One way to do this is straightforward: Simply tell the AI to “Explain your reasoning before you answer the question.” Another way is to begin by asking it to break the problem down into steps. For example, instead of asking AI to write a blog post on machine learning, have it first describe the steps it would take to plan and write the post. This request not only helps the LLM structure its output, it also gives you a chance to check its assumptions before you proceed to content generation.

Advanced generative AI platforms like ChatGPT+ that refer to outside sources of information can now build this function in by showing their sources in real time, but they’re far from perfect. If the AI picks up on a source that’s unreliable or inaccurate, its output will contain the same flaws. Always check your output!

3. Teach AI What You Need with Few-Shot Prompting

Sometimes the best prompt is no prompt. If an LLM can detect a pattern in your input, it will pick up on and continue it without needing explicit instructions. This means that you can feed it examples and then let it finish a task without intervention.

Let’s say you have a bunch of web pages, and you need to determine the top user task, or job-to-be-done (JTBD), on each page. (This might come up in the course of completing a content audit or scorecard.) Instead of telling the AI how to find the top task, try giving it labeled examples of website content and the corresponding JTBDs. After feeding it several examples, you can enter just the content, and it will respond with the JTBD.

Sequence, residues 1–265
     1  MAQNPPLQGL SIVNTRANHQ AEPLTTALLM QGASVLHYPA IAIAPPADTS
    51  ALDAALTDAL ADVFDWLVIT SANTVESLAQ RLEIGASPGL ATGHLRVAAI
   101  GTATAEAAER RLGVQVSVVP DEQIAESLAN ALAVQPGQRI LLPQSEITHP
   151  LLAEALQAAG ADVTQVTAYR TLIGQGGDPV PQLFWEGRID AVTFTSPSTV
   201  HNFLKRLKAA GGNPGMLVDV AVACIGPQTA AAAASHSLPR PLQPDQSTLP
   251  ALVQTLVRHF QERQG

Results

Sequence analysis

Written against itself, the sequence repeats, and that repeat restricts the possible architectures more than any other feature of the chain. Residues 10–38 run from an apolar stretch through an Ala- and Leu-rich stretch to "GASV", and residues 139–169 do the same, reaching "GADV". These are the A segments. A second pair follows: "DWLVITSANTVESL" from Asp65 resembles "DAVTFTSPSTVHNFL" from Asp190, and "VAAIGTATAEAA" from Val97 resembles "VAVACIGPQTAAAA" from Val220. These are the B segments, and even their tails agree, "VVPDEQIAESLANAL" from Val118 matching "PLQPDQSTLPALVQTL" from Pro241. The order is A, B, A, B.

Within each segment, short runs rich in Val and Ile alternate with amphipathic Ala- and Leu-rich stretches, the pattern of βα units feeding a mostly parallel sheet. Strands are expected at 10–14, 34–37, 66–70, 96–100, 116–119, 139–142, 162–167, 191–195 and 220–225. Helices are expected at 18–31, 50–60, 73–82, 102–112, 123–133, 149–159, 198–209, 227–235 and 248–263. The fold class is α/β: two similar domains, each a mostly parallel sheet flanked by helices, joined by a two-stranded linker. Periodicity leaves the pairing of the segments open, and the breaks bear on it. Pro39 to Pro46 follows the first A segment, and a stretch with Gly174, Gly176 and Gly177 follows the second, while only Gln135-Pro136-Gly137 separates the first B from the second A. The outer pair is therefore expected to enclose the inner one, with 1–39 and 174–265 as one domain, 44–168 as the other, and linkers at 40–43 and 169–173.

Example of ChatGPT identifying jobs-to-be-done
Based on the website content provided, ChatGPT identifies the job to be done.

The best part? This pattern can be applied to any kind of content analysis or adaptation that requires an input and an output. Content tagging, converting blog posts into social media posts—the possibilities are endless.

4. Craft Long-Form Content with Outline Expansion

As any content marketer knows, good long-form content doesn’t just roll off the keyboard in a single burst of inspiration, even when you’re ChatGPT.

To get an LLM to follow your editorial guidance, have it start by developing a numbered outline. (As with show-your-work patterns, this is a good place to pause and make sure you’re happy with the overall direction before proceeding.) You can then ask the LLM to write content for specific sections (referencing the numbered bullets), and you can have it revise a section as many times as needed without affecting the rest of the content. Then, once the content is in a good place, the numbering makes it easy to assemble all the pieces in the right order.